The Higgs particle is predicted to exist as part of the mechanism believed to give particles their mass, and is the only piece of the Standard Model of particle physics that remains to be discovered. Physicists at both the Large Hadron Collider at CERN, Europe’s premier particle physics laboratory near Geneva in Switzerland, and the Tevatron accelerator in Batavia, Illinois, recently voiced their expectation that the particle could well be detected within the next few years.

This gave new urgency not only to the race to find the particle, but also to establishing authorship of the ideas behind it. As John Ellis, a particle physicist based at CERN, acknowledges: “Let’s face it, a Nobel prize is at stake.”

The authorship question is fraught because the mechanism was developed independently by three groups within a matter of weeks in 1964. First up were Robert Brout and François Englert in Belgium, followed by Peter Higgs in Scotland, and finally Tom Kibble in London, along with his colleagues in the United States, Gerald Guralnik (at the time in London) and Carl R. Hagen.

“There are six people who developed the mechanism in quick succession and who hold a legitimate claim to credit for it,” says particle physicist Frank Close at the University of Oxford, UK.

Because the Royal Swedish Academy of Sciences can award Nobel prizes to no more than three people, that leaves six men in contention for half as many places, should the particle make an appearance.

“The first three in the Nobel queue probably feel quite relaxed — all they have to do is stay alive until the particle is discovered,” says Ellis. “The ones just behind them may understandably be quite nervous.”

Stoking the fire
The credit controversy was re-ignited by an advertisement for the “Higgs Hunting” meeting that took place in Orsay, France, last week. Many particle physicists took exception to the fact that the meeting’s advertisement on the web credited only Brout, Englert and Higgs, with some threatening to either boycott the meeting or formally protest while there, says Daniel Ferrante, a physicist at Syracuse University in New York and a former student of Guralnik’s.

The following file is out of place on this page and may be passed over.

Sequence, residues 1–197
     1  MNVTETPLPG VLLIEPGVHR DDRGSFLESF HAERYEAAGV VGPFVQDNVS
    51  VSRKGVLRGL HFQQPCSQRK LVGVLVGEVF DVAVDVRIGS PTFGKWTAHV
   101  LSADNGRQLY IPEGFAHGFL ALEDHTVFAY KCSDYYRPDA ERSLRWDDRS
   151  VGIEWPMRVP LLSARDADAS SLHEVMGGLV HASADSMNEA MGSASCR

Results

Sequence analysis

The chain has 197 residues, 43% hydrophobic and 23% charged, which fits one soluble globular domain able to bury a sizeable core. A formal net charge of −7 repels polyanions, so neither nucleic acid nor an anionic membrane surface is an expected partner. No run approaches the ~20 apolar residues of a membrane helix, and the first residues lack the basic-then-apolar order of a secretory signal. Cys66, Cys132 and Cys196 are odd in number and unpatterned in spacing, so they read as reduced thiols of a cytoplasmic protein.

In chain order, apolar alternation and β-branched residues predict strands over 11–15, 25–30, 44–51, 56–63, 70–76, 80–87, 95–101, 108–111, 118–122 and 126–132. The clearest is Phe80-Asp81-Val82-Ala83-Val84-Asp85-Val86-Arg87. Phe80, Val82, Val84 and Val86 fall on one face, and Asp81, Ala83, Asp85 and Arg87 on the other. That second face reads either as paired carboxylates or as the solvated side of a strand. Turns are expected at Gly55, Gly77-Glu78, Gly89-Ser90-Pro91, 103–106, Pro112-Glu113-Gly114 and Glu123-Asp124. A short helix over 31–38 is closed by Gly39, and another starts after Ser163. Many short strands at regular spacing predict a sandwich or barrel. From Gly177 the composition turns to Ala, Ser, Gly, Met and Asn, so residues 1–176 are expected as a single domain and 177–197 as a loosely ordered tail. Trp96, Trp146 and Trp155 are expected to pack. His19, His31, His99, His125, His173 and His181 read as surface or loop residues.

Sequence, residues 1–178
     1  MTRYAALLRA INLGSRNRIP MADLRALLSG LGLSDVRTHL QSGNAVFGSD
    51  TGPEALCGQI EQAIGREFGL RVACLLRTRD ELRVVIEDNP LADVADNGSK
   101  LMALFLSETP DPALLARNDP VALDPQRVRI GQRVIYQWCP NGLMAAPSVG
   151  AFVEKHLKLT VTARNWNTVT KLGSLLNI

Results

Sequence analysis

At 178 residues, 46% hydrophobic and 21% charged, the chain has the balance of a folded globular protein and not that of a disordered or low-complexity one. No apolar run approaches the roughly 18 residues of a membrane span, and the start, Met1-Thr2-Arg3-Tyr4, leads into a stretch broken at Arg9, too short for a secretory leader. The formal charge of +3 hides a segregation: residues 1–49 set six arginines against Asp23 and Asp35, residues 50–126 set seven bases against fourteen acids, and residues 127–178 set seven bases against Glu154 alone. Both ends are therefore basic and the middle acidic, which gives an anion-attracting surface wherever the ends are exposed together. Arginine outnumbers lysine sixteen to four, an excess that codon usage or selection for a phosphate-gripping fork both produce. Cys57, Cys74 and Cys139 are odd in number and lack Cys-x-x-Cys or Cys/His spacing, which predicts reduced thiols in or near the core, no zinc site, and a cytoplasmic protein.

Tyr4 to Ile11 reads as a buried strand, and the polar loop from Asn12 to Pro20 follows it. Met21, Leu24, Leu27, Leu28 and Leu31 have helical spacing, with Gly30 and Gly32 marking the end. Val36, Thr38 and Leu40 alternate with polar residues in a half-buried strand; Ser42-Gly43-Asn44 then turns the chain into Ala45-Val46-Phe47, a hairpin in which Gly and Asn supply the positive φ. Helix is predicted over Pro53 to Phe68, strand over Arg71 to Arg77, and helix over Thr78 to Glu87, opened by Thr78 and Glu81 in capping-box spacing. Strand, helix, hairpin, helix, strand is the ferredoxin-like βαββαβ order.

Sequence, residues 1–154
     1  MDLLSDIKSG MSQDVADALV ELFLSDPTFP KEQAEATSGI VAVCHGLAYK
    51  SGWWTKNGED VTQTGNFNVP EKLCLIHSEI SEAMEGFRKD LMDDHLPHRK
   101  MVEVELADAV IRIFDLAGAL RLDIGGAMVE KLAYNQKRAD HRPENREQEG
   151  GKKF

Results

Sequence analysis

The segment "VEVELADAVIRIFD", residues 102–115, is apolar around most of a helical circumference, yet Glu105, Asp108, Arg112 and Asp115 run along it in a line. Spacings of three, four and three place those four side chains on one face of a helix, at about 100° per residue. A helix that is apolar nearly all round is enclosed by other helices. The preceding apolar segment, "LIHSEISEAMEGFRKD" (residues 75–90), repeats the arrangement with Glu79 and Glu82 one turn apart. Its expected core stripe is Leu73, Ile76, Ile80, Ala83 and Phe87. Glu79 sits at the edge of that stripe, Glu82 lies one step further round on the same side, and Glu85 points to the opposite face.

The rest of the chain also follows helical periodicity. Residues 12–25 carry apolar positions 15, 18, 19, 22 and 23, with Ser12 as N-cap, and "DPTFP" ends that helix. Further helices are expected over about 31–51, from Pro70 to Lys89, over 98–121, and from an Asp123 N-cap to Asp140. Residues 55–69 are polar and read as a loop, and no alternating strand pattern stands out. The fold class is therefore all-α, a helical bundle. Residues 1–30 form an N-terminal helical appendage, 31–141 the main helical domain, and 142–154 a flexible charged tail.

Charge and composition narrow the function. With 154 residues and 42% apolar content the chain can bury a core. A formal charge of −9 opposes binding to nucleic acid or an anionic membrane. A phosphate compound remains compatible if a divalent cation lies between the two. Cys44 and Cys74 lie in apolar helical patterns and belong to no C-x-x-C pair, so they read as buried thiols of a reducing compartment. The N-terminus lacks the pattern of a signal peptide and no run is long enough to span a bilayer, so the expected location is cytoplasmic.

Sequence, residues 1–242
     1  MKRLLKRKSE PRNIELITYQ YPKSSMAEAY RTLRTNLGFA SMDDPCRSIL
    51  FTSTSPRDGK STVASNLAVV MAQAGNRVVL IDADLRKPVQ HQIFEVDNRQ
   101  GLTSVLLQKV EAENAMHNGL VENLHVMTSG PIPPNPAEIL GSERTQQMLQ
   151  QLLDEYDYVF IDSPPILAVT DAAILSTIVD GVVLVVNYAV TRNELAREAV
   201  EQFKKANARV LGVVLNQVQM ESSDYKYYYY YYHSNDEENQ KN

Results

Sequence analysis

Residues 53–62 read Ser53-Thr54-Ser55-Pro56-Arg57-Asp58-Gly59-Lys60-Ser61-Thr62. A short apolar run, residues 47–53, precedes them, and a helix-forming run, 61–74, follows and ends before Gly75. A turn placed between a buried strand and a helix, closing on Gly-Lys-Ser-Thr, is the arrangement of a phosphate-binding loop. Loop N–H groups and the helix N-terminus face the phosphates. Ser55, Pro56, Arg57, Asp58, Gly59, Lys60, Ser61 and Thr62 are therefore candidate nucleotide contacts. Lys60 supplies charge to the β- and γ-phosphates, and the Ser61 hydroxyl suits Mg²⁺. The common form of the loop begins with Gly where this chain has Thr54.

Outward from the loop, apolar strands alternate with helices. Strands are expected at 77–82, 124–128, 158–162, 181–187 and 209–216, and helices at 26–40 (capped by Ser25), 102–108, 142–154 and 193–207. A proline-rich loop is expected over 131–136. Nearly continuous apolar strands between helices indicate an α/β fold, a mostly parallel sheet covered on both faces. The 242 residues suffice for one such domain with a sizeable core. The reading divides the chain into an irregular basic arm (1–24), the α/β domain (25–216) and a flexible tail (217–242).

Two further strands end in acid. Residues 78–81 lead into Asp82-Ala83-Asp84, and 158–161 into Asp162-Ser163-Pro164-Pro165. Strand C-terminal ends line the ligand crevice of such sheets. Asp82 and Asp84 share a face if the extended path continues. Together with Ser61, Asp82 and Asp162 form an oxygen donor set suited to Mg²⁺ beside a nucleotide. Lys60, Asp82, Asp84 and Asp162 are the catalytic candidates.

One of the meeting’s organizers, Gregorio Bernardi at the Laboratory of Nuclear and High Energy Physics in Paris, admits that the committee was surprised by the strength of objections levelled at the web advertisement. “People took this very seriously, which we didn’t expect,” he says.

However, the committee felt that the meeting should not be politicized. “We were not happy that we were lobbied very strongly to change our ad — it was not appropriate,” Bernardi says.

Ellis advised the committee to stick to their guns, arguing that it is undeniable that Guralnik, Hagen and Kibble were the last to publish. He also notes that their paper cited the earlier publications by Brout and Englert, and by Higgs, weakening their authorship claim.

That argument carries little weight with particle physicist Tom Ferbel at the University of Rochester in New York, who says that Guralnik, Hagen and Kibble should not be penalized for citing other papers out of professional courtesy.

Ferbel also notes that, earlier this year, the American Physical Society decided to award all six men the J. J. Sakurai Prize for Theoretical Particle Physics, making the snub by the conference organizers “insulting” and “chilling”. “I do fear that the myopic views of the organizers could definitely impact the decisions of the Swedish Academy,” Ferbel says.

The conference organizers acknowledged that their choice was controversial by inviting a special talk on the tangled history of the mechanism, providing a forum for disgruntled conference participants to debate the matter. However, although the meeting ultimately ran smoothly, it seems likely that arguments over this issue will become more heated now that the Higgs particle is perceived to be within reach.

“There is a lot of fuss being made about Guralnik, Hagen and Kibble right now, and the American physics community seems to be listening,” says Ellis. “I’m just glad that I’m not on the Nobel committee deciding who to throw out of the lifeboat.”